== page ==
German 5th Jäger Division 5. Jäger-Division (July 1942 – 3 May 1945)
Jäger Regiment 56
Jäger Regiment 75
Divisional units 5
The German 5th Infantry Division (German: 5. Infanterie-Division) was formed in October 1934 and mobilized on 25 August 1939. The division's troops were garrisoned in Konstanz, Ulm, and Freiburg. When formed, the division consisted of the 1st, 2nd, and 3rd battalions of the 14th, 56th, and 75th Infantry Regiments, the 1st, 2nd, and 3rd Battalions of the 5th Artillery Regiment, the 1st battalion of the 41st Artillery Regiment, and assorted 5th Division support units.
The main purpose of the German Jäger Divisions was to fight in adverse terrain where smaller, coordinated units were more facilely combat capable than the brute force offered by the standard infantry divisions. The Jäger divisions were more heavily equipped than mountain division, but not as well armed as a larger infantry division. In the early stages of the war, they were the interface divisions fighting in rough terrain and foothills as well as urban areas, between the mountains and the plains. The Jägers (means hunters in German) relied on a high degree of training, and slightly superior communications, as well as their not inconsiderable artillery support. In the middle stages of the war, as the standard infantry divisions were down sized, the Jäger model with two infantry regiments came to dominate the standard tables of organization.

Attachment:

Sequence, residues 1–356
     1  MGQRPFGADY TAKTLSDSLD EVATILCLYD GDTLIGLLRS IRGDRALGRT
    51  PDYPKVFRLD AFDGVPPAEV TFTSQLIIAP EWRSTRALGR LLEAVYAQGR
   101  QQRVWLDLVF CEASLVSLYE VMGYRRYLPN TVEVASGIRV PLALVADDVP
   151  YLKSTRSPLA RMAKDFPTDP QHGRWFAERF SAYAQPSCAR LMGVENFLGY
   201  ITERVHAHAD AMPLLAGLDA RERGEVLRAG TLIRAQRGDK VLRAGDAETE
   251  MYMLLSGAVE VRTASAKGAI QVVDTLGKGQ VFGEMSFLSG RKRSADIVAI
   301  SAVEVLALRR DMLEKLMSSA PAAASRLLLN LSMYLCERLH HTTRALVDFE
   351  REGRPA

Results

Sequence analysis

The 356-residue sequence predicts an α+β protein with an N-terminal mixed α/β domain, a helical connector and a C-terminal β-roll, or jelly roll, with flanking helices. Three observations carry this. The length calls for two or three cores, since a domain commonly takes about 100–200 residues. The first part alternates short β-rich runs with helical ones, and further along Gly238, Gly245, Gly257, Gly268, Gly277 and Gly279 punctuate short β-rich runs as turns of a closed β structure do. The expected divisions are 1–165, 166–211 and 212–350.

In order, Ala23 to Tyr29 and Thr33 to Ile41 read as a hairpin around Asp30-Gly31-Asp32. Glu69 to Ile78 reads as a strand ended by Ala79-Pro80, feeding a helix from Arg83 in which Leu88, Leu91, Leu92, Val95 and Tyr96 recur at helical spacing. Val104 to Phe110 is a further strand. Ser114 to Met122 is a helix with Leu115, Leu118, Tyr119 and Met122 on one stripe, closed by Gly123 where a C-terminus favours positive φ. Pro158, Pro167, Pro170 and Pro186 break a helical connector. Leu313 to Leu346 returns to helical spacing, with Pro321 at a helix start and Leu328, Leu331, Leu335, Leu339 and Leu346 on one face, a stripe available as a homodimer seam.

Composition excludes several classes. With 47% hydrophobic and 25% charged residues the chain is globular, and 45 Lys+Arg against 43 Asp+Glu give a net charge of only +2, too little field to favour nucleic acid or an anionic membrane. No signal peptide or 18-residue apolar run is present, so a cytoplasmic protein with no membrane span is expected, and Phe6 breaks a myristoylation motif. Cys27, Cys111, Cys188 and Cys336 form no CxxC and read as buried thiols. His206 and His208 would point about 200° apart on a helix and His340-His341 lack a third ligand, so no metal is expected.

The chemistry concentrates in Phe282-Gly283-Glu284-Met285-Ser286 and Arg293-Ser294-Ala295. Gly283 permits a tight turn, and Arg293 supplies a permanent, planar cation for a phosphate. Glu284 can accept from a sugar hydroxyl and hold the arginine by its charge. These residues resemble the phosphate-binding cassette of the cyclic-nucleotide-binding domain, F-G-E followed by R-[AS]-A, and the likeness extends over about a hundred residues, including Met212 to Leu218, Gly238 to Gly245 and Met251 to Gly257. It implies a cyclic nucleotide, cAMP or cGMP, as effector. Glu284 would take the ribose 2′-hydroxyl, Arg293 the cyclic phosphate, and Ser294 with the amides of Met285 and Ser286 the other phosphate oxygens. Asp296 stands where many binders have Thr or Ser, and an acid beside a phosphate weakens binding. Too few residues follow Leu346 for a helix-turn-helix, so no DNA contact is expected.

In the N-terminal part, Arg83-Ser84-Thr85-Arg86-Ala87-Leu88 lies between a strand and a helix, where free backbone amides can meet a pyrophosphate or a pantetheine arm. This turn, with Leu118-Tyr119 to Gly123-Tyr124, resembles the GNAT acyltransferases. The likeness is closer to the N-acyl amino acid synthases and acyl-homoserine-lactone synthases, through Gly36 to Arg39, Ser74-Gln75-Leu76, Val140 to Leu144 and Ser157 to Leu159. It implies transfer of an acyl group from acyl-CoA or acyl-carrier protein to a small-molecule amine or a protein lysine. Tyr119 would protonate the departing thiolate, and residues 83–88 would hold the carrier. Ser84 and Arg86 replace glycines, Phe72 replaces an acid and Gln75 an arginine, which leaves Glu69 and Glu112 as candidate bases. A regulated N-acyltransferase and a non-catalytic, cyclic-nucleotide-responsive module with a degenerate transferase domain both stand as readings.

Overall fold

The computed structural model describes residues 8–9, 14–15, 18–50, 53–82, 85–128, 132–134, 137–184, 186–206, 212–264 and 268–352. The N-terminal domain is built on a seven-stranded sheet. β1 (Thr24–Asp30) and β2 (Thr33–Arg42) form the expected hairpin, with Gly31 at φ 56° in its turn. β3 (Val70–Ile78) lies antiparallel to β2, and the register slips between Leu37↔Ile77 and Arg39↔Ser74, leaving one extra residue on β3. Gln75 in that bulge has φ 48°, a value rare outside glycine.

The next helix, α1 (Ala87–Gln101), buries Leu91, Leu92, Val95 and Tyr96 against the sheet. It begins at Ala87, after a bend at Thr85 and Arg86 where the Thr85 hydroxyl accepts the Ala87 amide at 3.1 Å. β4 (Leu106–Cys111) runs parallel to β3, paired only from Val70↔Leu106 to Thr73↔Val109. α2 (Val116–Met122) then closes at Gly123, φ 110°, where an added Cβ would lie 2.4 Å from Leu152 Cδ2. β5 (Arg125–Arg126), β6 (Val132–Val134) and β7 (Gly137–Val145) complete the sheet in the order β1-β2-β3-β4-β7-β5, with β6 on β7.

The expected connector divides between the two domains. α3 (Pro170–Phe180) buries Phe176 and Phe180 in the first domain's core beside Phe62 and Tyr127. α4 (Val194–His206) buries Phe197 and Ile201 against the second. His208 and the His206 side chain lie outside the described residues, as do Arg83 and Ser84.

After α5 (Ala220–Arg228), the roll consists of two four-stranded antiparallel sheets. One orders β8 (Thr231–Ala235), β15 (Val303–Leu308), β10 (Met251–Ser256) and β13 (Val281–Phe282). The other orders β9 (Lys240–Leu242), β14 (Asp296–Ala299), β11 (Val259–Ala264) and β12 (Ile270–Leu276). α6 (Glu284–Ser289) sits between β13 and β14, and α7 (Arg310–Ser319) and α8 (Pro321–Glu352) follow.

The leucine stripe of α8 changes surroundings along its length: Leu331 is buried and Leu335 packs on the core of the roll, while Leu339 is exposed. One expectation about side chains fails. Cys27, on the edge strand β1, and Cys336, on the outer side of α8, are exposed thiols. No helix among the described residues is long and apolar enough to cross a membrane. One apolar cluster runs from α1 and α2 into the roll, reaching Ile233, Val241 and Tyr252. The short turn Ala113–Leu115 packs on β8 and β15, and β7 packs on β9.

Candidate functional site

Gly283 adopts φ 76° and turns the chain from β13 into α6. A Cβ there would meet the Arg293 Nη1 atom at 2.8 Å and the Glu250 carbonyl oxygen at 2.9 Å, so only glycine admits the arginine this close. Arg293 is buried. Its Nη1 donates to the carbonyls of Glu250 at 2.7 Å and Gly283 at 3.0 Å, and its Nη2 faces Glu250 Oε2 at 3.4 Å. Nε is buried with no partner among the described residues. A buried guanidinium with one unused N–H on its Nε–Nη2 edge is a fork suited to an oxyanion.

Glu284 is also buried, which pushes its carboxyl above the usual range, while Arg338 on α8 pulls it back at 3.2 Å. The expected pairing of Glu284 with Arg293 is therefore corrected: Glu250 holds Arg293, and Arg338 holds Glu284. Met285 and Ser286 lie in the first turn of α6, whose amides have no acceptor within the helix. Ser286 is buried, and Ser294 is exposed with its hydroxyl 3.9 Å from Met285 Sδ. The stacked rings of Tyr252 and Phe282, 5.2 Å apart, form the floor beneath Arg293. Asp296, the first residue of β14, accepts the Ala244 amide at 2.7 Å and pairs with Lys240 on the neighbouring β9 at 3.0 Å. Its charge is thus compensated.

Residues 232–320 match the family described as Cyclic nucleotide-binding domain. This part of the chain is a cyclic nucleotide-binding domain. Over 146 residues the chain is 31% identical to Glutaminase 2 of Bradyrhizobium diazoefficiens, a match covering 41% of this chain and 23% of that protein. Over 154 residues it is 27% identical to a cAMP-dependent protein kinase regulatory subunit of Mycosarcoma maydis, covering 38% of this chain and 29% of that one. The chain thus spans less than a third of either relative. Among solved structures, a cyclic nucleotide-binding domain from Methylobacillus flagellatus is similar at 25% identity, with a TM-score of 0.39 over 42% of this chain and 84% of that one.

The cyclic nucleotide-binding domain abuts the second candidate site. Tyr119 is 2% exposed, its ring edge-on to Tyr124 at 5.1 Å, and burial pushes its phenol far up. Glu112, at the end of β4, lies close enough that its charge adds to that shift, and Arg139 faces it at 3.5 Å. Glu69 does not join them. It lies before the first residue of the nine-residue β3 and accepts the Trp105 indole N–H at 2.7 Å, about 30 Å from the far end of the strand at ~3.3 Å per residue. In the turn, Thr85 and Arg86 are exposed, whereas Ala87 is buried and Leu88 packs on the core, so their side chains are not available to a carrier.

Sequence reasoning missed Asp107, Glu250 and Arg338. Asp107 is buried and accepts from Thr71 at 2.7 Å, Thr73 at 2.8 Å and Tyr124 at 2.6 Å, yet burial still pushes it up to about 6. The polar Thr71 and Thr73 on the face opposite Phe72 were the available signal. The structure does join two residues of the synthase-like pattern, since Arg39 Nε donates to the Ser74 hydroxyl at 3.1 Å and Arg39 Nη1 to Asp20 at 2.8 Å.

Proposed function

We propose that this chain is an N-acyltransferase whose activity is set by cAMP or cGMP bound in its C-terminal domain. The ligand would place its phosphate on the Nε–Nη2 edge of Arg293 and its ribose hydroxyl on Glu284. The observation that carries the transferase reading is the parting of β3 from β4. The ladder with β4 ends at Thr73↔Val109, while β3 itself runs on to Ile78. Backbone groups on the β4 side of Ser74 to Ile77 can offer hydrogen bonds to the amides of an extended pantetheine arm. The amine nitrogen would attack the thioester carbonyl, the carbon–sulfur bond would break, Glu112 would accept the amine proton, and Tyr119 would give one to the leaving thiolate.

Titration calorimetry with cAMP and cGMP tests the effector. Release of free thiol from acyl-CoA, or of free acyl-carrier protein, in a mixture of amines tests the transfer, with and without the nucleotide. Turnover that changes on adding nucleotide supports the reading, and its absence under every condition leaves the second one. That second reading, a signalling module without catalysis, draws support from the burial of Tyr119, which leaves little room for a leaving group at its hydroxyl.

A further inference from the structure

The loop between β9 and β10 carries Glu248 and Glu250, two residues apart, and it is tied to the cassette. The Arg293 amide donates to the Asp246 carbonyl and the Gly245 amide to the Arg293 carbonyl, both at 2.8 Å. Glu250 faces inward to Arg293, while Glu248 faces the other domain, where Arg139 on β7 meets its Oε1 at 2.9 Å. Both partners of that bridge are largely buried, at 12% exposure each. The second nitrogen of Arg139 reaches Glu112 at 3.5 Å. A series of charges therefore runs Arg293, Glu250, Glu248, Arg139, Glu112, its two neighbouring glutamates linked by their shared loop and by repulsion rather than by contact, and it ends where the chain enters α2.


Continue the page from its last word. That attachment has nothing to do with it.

In 1943, Adolf Hitler declared that all infantry divisions were now VolksGrenadier Divisions except for his elite Jäger and Mountain Jaeger divisions.
Hitler's Legions, Samuel W. Mitcham, Jr., Briarcliff Manor: Stein and Day, 1985.
Burkhard Müller-Hillebrand: Das Heer 1933–1945. Entwicklung des organisatorischen Aufbaues. Vol. III: Der Zweifrontenkrieg. Das Heer vom Beginn des Feldzuges gegen die Sowjetunion bis zum Kriegsende. Mittler: Frankfurt am Main 1969, p. 285.
Georg Tessin: Verbände und Truppen der deutschen Wehrmacht und Waffen-SS im Zweiten Weltkrieg, 1939–1945. Vol. II: Die Landstreitkräfte 1–5. Mittler: Frankfurt am Main 1966.